Thursday, May 22, 2008

Talking to Oneself

From Rachel Toor, “Did You Publish Today?” Chronicle of Higher Education, May 22, 2008 available at

What does it look like to do intellectual work? What does it look like to have an insight? To formulate a theory? To solve a philosophical problem? What does it take to get to the point at which you're ready to sit down and write something, ready to present something to the world?

Experience tells me that sometimes it looks like playing Spider Solitaire. Or twirling one's hair, talking to oneself, or sitting stock still and staring into space.

My friend Andrew, a psychiatrist, is an expert in the physiology of sleep. He has come up with a host of good ideas that have resulted in a fat sheaf of academic publications. He believes that sleep is the result of conditioning, ritual, and circumstance. You can't force yourself to go to sleep. What you can do, he says, is set up the conditions and rituals that will allow it to happen. You let the dog out (or put the rat back in her cage). You change into your footy pajamas. You brush your teeth. You get into bed. And then, having provided the right environment, eventually, you fall asleep.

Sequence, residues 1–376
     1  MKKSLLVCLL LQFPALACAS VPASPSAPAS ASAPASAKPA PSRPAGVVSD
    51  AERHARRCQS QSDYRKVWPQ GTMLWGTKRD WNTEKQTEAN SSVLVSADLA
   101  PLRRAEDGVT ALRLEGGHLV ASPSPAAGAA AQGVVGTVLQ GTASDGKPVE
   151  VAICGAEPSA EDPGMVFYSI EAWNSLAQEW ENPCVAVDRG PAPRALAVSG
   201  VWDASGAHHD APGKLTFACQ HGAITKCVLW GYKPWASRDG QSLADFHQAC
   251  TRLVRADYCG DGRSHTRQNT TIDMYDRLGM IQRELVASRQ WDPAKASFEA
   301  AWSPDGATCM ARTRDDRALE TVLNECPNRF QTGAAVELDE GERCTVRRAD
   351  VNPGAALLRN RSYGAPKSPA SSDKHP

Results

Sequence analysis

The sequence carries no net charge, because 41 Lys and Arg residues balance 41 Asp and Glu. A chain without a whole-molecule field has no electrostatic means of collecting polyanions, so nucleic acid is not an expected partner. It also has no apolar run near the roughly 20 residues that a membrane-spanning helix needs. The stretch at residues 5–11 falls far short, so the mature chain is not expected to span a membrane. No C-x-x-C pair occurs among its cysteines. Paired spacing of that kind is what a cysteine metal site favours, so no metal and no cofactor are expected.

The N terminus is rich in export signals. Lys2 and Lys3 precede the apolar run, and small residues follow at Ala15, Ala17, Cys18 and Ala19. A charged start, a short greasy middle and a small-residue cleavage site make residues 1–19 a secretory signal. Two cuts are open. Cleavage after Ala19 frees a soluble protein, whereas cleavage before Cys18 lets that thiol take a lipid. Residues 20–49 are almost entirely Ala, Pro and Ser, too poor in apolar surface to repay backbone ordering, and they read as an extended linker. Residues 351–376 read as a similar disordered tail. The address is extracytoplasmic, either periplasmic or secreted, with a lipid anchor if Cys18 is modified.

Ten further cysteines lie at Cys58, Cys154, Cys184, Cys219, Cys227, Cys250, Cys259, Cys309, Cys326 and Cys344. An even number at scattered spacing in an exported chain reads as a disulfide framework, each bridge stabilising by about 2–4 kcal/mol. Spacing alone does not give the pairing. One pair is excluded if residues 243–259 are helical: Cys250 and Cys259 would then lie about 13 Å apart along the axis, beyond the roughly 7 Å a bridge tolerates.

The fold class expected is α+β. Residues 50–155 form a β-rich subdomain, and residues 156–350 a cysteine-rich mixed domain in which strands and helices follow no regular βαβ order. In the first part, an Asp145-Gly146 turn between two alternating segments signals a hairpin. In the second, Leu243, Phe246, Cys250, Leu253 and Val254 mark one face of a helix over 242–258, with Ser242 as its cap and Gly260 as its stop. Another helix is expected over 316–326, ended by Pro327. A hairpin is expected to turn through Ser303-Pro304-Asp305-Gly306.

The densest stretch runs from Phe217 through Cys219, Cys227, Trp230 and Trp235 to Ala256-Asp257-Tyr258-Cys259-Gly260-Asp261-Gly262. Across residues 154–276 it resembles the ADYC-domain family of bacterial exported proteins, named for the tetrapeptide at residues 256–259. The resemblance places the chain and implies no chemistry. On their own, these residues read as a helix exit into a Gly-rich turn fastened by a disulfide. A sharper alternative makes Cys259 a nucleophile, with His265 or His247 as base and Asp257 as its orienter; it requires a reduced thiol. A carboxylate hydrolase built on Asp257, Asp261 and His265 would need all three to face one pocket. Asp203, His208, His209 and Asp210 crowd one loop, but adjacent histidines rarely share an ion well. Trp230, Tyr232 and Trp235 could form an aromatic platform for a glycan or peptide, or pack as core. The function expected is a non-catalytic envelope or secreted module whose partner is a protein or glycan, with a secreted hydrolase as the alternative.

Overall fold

That process, Andrew believes, is similar to what academics go through when trying to solve an intellectual problem. We shuffle off to our offices and plant ourselves in front of a computer. Or slink into the library and sink into a comfy chair. Or walk around the block 43 times.

We go through the motions that have led us, in the past, to cerebral success. We can no more force ourselves to make an intellectual breakthrough than we can will ourselves to sleep. All we can do is prepare the environment and perform the rituals associated with thinking.

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